It’s never a good sign when one’s suppliers resort to making signs that literally tell a company that its business “sucks” — but suck is the situation Payless found itself in recently with disgruntled shoe manufacturers assembled in China.
Things broke down to sign making because Payless owes those shoe makers hundreds of million of dollars — and they are bankrupt (or more accurately about to be) and thus are not getting paid. And now they are pushing the Chinese government to stop shipments from Payless’s Xiamen warehouse to the U.S., or to sue Payless in American courts.
“Vendors are getting extraordinarily nervous,” said Hilldun Corp. Chief Executive Officer Gary Wassner, whose firm finances fashion suppliers. He now gets two or three extra calls a day from worried manufacturers that sell to retailers, including luxury stores.
Bankruptcy has become an epidemic in retail of late — and that is worrisome news for suppliers who are toward the end of the payout order. Secured creditors are paid first when the court assess claims — vendors after.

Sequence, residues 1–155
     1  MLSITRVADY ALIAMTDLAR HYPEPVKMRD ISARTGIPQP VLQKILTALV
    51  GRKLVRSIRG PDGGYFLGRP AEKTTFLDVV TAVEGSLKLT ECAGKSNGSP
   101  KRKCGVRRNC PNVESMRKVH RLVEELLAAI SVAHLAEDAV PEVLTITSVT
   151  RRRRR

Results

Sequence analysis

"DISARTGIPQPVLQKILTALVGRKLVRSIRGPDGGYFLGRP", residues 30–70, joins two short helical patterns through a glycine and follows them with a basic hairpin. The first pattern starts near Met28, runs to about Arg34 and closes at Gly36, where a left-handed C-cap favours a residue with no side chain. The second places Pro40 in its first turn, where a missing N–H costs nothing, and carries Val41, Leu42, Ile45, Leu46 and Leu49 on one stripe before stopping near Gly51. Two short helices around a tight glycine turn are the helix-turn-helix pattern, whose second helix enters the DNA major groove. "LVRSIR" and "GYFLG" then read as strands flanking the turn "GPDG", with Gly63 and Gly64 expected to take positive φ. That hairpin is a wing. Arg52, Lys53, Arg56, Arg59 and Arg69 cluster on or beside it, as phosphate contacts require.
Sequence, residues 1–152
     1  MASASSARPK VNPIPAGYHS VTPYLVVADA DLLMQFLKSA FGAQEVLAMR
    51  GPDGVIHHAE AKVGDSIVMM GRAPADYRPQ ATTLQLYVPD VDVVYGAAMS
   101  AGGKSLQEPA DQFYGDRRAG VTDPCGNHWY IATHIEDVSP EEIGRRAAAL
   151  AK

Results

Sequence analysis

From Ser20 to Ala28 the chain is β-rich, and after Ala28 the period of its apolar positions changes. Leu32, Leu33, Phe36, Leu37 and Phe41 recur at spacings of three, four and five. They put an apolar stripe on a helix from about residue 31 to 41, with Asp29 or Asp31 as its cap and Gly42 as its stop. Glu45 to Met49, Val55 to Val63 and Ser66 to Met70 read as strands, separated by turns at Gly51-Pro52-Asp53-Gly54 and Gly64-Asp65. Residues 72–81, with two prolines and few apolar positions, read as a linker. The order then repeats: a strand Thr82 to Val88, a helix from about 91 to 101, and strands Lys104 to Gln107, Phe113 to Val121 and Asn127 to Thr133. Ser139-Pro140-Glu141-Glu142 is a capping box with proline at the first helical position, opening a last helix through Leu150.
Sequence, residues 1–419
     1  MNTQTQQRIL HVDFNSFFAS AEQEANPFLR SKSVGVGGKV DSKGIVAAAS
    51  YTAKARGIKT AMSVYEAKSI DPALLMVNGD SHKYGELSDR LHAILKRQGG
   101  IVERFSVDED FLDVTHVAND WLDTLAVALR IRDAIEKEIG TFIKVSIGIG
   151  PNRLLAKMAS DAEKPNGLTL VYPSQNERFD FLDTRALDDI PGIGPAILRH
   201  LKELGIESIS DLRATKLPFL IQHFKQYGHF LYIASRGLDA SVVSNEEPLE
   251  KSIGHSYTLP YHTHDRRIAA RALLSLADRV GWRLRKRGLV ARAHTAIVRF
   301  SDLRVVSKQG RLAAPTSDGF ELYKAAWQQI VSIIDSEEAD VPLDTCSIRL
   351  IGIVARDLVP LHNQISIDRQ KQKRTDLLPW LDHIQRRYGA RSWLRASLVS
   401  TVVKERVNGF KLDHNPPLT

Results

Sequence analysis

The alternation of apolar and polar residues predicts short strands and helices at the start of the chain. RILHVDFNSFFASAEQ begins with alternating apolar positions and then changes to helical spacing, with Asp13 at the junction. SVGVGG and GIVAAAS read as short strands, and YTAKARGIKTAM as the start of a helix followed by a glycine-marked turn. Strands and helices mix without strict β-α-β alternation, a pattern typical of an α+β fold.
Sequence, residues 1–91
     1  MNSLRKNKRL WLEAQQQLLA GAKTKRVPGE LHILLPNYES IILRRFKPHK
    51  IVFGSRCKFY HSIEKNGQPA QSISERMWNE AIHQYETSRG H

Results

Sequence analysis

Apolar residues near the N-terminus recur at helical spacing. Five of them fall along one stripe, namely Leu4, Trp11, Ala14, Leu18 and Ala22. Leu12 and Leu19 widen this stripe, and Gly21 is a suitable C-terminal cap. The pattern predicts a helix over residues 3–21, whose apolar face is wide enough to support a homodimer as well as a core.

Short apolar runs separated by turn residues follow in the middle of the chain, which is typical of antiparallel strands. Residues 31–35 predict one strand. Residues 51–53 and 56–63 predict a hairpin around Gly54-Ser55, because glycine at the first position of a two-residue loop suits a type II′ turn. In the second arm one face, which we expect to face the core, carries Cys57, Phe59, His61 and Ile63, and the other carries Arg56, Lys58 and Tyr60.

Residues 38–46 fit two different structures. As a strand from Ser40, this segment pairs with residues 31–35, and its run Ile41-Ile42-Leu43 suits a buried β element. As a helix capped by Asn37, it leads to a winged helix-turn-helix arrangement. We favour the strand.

“Their unsecured status pushes them down the line,” said Steven Ruggiero, head of research at financial firm R.W. Pressprich & Co.
And insurance is less a boon that it once was, as firms that help protect suppliers from buyer bankruptcy began scaling back the policies offered as of 2014. For example, Wells Fargo used to offer factoring for Sears’ vendors to give them a cushion — but with the state of things at Sears these days, that no longer looks like a good risk.
And angry vendors mean getting back from bankruptcy is even harder, according to Christa Hart, a retail and consumer consultant at FTI Consulting Inc, since supplier networks are “the lifeblood of the company and its future.”
Struggling companies often suspend or delay payments to their vendors as a quick way to conserve cash — but that often kicks off a vicious cycle that leads to empty shelves, turned-off customers, and eventually bankruptcy.
“Lack of faith — and canceled shipments — from vendors and factories have precipitated numerous retail bankruptcies,” Hart noted.